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About The Oregon statesman. (Salem, Or.) 1916-1980 | View Entire Issue (March 13, 1924)
HIE OREGON STATESMAN, SALEM, OREGON
THURSDAY MORNING, MARCH 13, 1924
Ll FE TERM ER IS" '
Final .Chapter in Military
Career of Thome Alias
; Moore Written
. 'The final chapter in the mili
tary "career of Robert M. Thorne.
o deserter. 'vvai written yesterday
when R. E. (Jack) Mantor, state
officer, filed with -J. S. Alurray,
chief clerk of the state prison, a
" difhonorahle discharge from the
. marine corps. Mr. Mantor had
been working on the case for sonie
jtime and positive identification
V, 'was made ' through a comparison
-' jot finger prints taken at the prison
and In the army.' .
1 Thome is serving a life sentence
for murder in -the second degree.
He is registered at the penitenti
ary as George' L. Moore, age 24.
lloore, or Thorne s the discharge
places him, enlisted in the marine
' corns at Paris island, S. C., Feb.
. S.; 1919, While the date of his
"-. desertion - Is not knowjb here, his
discharge papers (show him in the
Kervlce on April 4, 1920, when he
was reduced from tC private first
clans tn the rank of a private.
i 0n June 12, 1920, two months
later, , Moore and Russell Brake
engaged the services of Harry Du-
bxnskl,"-Portland tor-hire driver,
toVtakiB them, to Oregon. City.
' Moore and Brake were convicted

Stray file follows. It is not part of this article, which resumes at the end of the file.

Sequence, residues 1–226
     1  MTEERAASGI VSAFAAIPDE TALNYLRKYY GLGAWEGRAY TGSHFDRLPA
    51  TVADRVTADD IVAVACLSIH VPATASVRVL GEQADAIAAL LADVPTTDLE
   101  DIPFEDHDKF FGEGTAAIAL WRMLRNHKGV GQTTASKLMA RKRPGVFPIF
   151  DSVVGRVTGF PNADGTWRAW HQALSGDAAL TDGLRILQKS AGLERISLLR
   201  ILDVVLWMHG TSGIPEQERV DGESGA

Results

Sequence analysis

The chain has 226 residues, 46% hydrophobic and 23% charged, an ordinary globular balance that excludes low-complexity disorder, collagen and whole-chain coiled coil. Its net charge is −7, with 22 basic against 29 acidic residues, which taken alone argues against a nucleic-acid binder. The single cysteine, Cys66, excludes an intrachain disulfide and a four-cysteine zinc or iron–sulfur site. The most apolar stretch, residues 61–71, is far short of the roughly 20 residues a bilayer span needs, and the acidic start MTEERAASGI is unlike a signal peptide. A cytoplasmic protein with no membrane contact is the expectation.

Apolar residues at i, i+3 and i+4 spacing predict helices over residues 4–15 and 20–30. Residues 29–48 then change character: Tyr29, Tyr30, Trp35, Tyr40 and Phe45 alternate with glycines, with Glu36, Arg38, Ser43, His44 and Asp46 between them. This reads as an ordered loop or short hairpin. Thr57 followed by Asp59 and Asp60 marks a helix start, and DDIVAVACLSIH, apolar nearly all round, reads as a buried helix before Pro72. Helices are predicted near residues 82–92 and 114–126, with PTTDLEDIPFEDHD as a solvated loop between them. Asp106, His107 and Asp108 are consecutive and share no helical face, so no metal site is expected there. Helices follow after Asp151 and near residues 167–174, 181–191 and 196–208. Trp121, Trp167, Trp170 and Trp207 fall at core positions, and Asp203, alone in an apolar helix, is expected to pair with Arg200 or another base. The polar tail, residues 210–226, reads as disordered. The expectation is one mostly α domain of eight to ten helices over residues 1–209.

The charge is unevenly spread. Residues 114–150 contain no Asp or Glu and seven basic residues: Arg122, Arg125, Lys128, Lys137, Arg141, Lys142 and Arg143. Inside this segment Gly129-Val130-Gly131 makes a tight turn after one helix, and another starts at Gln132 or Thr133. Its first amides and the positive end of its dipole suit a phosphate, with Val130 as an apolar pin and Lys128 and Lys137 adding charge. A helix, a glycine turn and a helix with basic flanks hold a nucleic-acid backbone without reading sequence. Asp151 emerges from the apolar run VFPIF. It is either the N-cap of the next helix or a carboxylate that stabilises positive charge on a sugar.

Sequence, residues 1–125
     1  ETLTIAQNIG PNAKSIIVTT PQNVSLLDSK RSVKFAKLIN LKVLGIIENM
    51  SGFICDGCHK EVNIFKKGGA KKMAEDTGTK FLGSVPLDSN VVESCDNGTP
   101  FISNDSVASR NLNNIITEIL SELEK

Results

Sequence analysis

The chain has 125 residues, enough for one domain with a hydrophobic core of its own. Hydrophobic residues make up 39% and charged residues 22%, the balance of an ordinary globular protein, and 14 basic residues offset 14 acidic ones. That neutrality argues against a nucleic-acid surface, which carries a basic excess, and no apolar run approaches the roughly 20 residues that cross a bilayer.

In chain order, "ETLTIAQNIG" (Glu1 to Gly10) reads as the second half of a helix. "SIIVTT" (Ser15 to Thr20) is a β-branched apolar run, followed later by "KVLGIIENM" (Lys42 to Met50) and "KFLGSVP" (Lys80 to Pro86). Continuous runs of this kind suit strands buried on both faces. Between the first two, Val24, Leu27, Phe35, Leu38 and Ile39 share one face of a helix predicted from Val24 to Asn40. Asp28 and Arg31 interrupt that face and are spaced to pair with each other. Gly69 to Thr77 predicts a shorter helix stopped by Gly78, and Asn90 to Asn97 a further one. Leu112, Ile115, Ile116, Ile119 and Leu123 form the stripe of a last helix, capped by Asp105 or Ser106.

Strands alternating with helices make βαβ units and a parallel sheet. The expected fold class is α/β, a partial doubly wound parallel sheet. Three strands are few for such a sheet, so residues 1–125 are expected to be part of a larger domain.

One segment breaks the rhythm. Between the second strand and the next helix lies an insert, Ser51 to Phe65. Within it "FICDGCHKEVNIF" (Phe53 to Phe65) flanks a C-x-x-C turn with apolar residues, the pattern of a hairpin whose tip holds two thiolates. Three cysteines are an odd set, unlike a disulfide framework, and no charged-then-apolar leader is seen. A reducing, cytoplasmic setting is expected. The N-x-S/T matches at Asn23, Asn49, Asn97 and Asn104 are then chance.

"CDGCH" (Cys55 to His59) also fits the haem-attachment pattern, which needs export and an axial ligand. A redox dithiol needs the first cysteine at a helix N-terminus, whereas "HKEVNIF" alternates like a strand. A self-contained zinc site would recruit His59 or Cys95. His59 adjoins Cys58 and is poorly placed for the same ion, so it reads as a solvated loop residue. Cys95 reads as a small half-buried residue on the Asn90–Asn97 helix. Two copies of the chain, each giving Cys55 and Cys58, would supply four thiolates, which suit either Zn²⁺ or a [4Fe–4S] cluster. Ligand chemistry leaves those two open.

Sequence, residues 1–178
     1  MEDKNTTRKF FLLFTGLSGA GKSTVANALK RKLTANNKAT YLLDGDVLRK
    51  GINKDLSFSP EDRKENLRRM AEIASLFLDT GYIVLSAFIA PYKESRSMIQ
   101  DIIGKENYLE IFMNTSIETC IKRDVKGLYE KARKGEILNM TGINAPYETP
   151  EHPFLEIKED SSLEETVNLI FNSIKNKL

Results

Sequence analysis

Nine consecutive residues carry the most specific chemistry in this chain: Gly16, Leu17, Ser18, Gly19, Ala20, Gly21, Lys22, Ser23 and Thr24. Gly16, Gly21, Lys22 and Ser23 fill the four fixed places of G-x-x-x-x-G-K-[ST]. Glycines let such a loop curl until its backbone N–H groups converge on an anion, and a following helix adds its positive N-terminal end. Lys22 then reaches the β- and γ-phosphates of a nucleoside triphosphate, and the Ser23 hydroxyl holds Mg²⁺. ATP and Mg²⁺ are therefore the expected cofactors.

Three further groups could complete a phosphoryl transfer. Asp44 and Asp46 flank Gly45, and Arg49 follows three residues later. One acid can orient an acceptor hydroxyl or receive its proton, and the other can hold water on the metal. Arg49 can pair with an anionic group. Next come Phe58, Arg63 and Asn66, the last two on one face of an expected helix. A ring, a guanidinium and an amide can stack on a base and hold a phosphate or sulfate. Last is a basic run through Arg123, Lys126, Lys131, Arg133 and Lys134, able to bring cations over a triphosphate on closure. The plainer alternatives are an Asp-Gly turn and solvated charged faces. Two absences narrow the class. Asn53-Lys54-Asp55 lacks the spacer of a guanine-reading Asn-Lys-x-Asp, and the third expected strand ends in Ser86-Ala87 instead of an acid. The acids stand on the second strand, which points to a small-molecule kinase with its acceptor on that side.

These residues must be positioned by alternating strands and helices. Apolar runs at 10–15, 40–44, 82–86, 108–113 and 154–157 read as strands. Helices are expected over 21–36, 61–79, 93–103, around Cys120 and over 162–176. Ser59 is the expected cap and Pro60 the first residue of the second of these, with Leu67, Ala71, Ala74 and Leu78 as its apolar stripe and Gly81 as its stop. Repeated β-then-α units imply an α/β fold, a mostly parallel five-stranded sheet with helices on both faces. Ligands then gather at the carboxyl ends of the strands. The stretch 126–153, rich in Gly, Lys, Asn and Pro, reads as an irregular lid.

for killing Duhruski. They at
tempted to et rid of the body by
throwing it, into the Willamette
river from the bridge "at Oregon
Ctj ' The body was found June
20. Moore ad Brake were re-
' . celved at the prison from Clacka
mas county on July 30, 1920. un
der sentence to spend the remain-
; der of their natural lives' at the
Verse "of Scripture Held
.' Password to .. Greatest
".Secret In World - .
SThe : Baptist' revival , still con
tluues to draw a full house every
night, and the Interest is excel
lent Last rfght Dn Trawin took
for his , text "To him that over
cotneth -will I glve afwhlte stone
and In the stone a new name wrlt
i tea which no man knoweth." J Mia
subject 'was" "The password into
; the greatest secret order In the
world.''. The password Ja John
-'Si It. r "God's love Is the strong
est power In the world," he said.
."That verse is sometimes called
the little Bible, for it contains all
the essential ' elements ; of . the
whole Bible. T" "
Tonight he will preach on "The
Gospel of," the Second - Chance."
Tomorrow, evening la Ho be the
young people's night, and special
preparation is being made to make
it (the crowning meeting of the
week. ? The afternoon , Bible lee
' tures continue" each day: at 2:30.
- This afternoon Dr. Shanks wljl
give, the, expository reading of
Romans, the eighth chapter some
times called the, "Spirit-Chapter'
On Friday evening , a free-will
thank offering for the evangelists
will, be taken. One of the most
enjoyable features of thet meetings
WE PAY CASH FOR
r ' YOUR. -
Capital - Hardware
' & Furniture Co. j
a Best Prlccf Paid
tSS N. Oom'l St. Phone 947
2. v " """ ';
The business training you
'will receive la this school
will help you to climb to
the heights.- We give you
"both class and individual
Instruction. You are thus
I able-to go as rapidly as Is fft
consistent wun - gooav
... . - ; : ... ' :'' ...
f START HERE!?
V DSGiN NOWl fl
' fl" TO THC Ht0T3 jWk
eont iuues to-be- the singing under
the leadership of Mr. and Mr.
Prftnk f!. Tebow. They have
trained a large chorus choir, and
Itoth eliotr and congregation enter
heartily Into the song services
that begin each evening meeting.
The Tebows are a strong team",
and know rv to develop evange
CHASE BEGINS HIS
; - t. . i
Local Man Selected as Busi